A task force of state legislators met on Thursday to consider the possibility of expanding video gaming in Connecticut. Co-Chairs of the task force are State Representative Peggy Sayers (D-Windsor Locks, Windsor) and State Senator Andres Ayala (D-Bridgeport).
This is the last edition of our weekly news roundtable The Wheelhouse for 2013. We're looking back at the year that was (and is) with our team of reporters and analysts.
We'll discuss the performance of the state legislature, which passed gun legislation after Sandy Hook, quietly approved Keno, and loosened campaign finance laws while former House Speaker Chris Donovan's campaign workers went on trial for corruption charges.
It’s been a momentous year for the gun industry in many ways, and for Connecticut’s gun makers more than for most. Events in Newtown changed the landscape for an industry which some people feel is implicated in the tragedy.
You may have noticed that the federal government shut down today. Senate Majority Leader Harry Reid called this a "sad day for America." But it's not keeping Connecticut down. Today, the state's new health care exchange takes its first spin around the Internet (if on slightly unstable web-wheels), and -- you know you've been waiting for this -- a bunch of new laws go into effect. Maybe you forgot just how good October 1 would be to you. That and more in today's Wheelhouse Digest.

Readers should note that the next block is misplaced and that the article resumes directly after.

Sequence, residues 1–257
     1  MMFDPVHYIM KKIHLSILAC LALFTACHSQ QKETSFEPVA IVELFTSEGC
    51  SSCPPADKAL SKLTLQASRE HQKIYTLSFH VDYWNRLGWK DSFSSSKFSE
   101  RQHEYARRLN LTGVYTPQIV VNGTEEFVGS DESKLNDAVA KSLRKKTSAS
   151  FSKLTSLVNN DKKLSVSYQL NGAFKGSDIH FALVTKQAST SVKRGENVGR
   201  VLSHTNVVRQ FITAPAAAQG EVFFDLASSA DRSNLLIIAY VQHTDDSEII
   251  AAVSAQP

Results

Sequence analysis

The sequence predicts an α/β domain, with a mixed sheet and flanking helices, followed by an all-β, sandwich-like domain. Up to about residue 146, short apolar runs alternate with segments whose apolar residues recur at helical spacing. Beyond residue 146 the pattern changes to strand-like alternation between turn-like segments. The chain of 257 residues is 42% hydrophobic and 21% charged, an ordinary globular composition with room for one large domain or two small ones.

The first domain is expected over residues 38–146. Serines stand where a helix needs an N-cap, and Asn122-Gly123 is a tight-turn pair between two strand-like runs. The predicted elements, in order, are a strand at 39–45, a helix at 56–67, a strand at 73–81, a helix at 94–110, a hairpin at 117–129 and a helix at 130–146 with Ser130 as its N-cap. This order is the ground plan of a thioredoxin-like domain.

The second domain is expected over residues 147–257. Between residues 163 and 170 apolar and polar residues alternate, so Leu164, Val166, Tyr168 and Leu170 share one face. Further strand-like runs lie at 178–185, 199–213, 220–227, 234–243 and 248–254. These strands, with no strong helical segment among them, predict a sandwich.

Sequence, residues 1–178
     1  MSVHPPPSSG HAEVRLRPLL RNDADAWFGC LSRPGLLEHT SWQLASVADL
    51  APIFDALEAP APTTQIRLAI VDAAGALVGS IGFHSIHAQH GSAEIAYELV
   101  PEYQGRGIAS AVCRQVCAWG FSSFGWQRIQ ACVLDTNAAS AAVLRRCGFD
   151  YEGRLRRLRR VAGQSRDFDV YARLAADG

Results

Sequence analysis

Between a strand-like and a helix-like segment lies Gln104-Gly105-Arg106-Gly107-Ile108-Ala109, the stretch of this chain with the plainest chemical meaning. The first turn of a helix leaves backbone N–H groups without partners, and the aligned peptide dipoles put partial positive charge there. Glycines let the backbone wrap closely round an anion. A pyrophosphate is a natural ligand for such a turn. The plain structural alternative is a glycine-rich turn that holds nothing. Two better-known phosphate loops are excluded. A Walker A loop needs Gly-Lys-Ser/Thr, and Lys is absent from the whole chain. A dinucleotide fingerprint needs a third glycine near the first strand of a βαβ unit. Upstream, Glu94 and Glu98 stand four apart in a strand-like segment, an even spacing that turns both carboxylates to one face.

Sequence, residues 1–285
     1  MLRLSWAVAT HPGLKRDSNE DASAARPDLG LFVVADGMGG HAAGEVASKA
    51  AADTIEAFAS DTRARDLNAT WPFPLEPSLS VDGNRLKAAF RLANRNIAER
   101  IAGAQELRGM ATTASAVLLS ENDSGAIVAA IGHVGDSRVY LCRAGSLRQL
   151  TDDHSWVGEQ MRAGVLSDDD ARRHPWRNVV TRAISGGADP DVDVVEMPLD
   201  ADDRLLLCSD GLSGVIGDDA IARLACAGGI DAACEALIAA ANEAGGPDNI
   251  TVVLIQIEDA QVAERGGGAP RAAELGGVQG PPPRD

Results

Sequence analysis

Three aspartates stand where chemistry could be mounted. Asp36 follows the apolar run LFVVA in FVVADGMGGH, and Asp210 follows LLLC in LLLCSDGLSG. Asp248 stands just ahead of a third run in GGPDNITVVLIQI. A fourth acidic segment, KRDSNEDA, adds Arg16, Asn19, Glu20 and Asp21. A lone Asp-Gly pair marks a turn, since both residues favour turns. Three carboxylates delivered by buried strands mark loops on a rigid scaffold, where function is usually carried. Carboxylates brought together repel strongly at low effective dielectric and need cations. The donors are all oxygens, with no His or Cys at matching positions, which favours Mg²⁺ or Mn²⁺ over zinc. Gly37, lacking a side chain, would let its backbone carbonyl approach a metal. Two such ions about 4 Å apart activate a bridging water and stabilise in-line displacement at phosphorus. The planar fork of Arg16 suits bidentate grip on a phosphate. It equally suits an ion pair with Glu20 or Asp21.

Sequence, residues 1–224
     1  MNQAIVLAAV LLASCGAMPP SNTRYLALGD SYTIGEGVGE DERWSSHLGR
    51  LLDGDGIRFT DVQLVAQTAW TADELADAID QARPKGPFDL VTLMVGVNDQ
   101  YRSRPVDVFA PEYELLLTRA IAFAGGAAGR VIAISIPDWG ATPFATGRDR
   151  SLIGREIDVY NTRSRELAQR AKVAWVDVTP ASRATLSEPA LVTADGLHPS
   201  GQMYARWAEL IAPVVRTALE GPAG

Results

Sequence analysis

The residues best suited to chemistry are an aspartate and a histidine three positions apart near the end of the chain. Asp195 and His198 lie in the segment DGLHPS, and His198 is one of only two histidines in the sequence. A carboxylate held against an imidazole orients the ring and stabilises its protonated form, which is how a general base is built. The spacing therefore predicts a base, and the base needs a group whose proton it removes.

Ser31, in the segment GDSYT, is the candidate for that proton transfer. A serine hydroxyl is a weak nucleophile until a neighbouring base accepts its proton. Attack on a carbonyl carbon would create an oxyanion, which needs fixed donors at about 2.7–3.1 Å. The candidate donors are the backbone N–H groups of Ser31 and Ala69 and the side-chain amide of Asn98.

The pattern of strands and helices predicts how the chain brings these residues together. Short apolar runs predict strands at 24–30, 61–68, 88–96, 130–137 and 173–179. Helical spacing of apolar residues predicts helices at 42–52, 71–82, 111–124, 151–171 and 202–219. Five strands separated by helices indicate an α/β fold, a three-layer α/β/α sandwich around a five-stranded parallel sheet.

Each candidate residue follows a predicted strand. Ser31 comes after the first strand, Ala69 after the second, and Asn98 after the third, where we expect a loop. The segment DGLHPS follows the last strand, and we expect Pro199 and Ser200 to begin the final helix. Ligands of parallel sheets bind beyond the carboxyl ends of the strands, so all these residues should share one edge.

A big question since the massacre at Sandy Hook is how much, if any, information from the crime scene should be released to the public. That debate continues. The question at hand isn't should the state have passed a bipartisan, sweeping new law to exempt crime scene evidence from public disclosure. The question is should it have done so in secret, at the end of the legislative session, without public hearing.
A state task force trying to figure out how to balance victim privacy with the public's right to know is stacked in favor of privacy. That's according to a former newspaper editor and the head of a Connecticut open government group. The group is in the early stages of defining its mission.